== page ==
ATM Ram Raids: A Rising Trend

According to a report by ATM Operator Cardtronics, there has been a substantial increase in people aiming to steal money from ATM machines, by driving a vehicle directly into them.

A Rising Trend

In 2014, the UK saw 400 attacks on UK cash machines by people attempting to ram raid them. However, during 2017, this increased significantly to 723 ATM ram raids.

The report identifies that rural communities with limited access to banks tend to be the primary target with one in four attacks being committed in locations where there is only one bank branch, or none. This causes a concern for local communities who already struggle getting access to money, as ATM machines can take months to reopen or can often result in the ATM machine not being replaced, due to concern that the cash point may be targeted again.

It isn’t the success rate that encourages people to carry out ram raids, as according to Cardtronics, only 41% of cases result in money being stolen. However, according to Huffington Post, the rise in attacks could be down to a shorter prison sentence. By ram raiding an ATM cash point and stealing it, this is classed as theft and not robbery. This means you are more likely to get a smaller punishment than if you were to walk in a bank and threaten staff members to give you money.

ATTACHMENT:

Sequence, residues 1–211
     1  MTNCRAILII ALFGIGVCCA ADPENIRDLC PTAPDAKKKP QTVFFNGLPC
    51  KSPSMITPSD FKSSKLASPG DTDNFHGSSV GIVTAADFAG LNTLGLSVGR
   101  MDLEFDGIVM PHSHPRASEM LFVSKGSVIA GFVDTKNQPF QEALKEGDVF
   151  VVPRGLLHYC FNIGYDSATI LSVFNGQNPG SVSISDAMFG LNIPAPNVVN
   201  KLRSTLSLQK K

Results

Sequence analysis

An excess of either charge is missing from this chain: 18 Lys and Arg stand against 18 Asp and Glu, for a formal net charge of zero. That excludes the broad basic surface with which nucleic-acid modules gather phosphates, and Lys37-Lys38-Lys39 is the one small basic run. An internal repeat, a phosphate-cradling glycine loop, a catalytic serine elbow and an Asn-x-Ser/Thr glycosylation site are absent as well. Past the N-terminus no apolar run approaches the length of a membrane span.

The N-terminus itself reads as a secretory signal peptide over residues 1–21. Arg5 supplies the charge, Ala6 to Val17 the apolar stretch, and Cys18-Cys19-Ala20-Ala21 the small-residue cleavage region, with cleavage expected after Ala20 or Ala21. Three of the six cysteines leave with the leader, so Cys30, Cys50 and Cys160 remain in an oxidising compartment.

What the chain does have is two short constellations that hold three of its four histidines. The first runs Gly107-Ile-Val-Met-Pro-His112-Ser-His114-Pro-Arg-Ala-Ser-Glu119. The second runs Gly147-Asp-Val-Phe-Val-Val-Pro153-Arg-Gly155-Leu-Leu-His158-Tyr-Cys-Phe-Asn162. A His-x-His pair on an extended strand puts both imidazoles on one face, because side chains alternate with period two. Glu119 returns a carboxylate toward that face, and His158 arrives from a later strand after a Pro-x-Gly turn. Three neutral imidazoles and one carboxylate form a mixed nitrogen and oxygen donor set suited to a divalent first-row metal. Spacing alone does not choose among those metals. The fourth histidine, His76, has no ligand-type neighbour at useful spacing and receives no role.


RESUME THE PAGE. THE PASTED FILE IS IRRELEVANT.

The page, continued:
It isn’t just ATMs that are at risk of these attacks. Last year, the Louis Vuitton store in Leeds was subject to ram raids, with two attacks happening over a period of three weeks.

The report from Cardtronics suggests that we must do more in order to lessen these types of attacks from happening – but how?

Aiming to prevent Ram Raids

In order to help put a stop to ATM ram raids, physical security products should be considered. While there may be the initial investment to consider, by mitigating such attacks, communities will not only have access to a vital resource but the financial loss and impact on insurance claims will also be lessened.

Having crash tested bollards in place can act as a deterrent. This means that the products will have been crash tested to a certain standard (for example, PAS68 or IWA) to stop a vehicle travelling at a particular speed.  There are many products on the market, including surface and shallow mount bollards such as Heald’s Fixed Matador bollards. The Fixed Matador only requires a foundation depth of 110 mm and is PAS68 tested.


To discuss how Heald can help protect your property, contact us today.

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